With these new standards in mind, the best way to think about the new metrics is in a UC hierarchy of needs. Keep in mind that this new standard may only be temporary (with measurements returning to pre-COVID standards once employees return to office in mass). Or, it may be a permanent change, evolving into the new normal.

  • Baseline: background images/background de-cluttering, background noises, sound settings (end-user levels), camera positioning, home bandwidth (other family members, wired connection), public internet connectivity, spatial audio
  • Level 1: lighting, webcam (external), microphone (external), headphones, workplace analytics, collaboration security & governance
  • Level 2: personal attire, personal grooming, voice quality 1.0, video quality 1.0, content quality 1.0

Most of the “new” metrics listed above are fairly well understood. For example, Zoom, Microsoft, and even third-party content providers have invested heavily in virtual background options. Additionally, the news media has made a big deal about extensive home bookshelf backgrounds as an indicator of the education and knowledge of the speaker. Simple issues like lighting, camera positioning, and the richness of home internet signals are also, by now, well understood and (mostly) well adopted. There are, however, some relatively new entries to the hierarchy. Some of these are misunderstood. Others just don’t receive nearly enough attention from IT.  Let’s drill into spatial audio, workplace analytics, and collaboration security to better understand their impact on today’s new UC world.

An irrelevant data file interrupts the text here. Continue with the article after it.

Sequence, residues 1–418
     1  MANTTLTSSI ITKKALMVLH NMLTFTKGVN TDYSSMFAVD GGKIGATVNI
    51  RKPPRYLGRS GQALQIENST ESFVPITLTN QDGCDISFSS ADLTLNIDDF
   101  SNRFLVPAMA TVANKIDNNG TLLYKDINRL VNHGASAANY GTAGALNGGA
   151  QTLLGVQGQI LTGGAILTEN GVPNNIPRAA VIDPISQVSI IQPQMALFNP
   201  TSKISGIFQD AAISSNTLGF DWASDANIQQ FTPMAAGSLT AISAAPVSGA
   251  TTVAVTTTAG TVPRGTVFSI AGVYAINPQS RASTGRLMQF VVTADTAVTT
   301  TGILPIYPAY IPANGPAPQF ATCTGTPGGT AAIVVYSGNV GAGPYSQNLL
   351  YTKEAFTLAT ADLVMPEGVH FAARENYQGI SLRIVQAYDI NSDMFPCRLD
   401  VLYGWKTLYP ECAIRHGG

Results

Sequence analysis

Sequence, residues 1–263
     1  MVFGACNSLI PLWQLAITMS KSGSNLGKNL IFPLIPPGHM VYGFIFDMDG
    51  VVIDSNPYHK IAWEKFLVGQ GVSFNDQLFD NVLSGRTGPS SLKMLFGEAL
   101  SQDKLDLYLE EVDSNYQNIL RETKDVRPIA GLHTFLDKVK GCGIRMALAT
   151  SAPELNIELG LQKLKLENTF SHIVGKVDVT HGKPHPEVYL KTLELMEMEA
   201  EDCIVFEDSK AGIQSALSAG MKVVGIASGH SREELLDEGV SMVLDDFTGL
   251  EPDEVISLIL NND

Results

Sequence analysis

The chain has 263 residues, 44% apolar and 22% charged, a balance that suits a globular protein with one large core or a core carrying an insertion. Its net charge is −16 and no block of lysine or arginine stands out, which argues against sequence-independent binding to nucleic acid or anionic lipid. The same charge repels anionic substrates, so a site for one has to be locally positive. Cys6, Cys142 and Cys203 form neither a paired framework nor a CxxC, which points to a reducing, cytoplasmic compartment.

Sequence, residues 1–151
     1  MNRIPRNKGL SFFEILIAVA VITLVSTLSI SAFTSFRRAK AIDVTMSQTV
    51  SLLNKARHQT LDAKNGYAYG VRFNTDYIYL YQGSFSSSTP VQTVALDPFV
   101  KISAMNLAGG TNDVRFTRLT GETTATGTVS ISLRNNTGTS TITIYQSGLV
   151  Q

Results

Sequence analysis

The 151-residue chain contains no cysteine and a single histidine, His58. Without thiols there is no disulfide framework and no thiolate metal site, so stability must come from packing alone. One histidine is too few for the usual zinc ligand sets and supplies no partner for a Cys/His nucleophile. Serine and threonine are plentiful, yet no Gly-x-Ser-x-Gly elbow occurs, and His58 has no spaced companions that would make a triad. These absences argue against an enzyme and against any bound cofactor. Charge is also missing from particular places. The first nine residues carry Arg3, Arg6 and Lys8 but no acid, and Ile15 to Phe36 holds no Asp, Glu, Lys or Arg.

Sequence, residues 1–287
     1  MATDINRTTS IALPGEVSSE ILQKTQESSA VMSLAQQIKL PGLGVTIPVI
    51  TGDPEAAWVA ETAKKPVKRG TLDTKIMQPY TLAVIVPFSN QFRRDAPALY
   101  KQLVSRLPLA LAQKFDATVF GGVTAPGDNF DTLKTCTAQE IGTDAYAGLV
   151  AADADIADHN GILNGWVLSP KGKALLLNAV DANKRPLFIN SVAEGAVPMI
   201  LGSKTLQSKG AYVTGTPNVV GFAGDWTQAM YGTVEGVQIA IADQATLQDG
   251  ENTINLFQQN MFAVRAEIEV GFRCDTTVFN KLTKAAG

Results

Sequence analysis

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UC Quality

Spatial Audio Represents the Future of Video Conferencing

Much has been written about the concept of “Zoom fatigue” during the pandemic. The prevailing wisdom is that this phenomenon stems from how we process images over video. Video conferencing makes us feel like we must engage in a constant gaze which makes us uncomfortable — and tired. For in-office meetings, we can vary our gaze, look out the window, or look at the whiteboard. However, performing such actions on a video call might make it seem like we’re not paying attention.

A new theory has emerged regarding Zoom fatigue, which points to the real issue not being the visual fatigue, but rather the audio fatigue. The problem relates to the actual “shape” and direction of the sound, but not its quality. In-office meetings allow us to hear voices that are separated by distance and appear at specific points around the conference room table. This spatial presentation makes it easy for users to identify and decipher who is speaking. However, when it comes to virtual voices all the audio is squeezed through a single speaker leaving the listener with an artificial and unnatural listening experience. This is true Zoom Fatigue. The intense concentration to decipher the shape and spatial orientation of the sound is seriously hard work.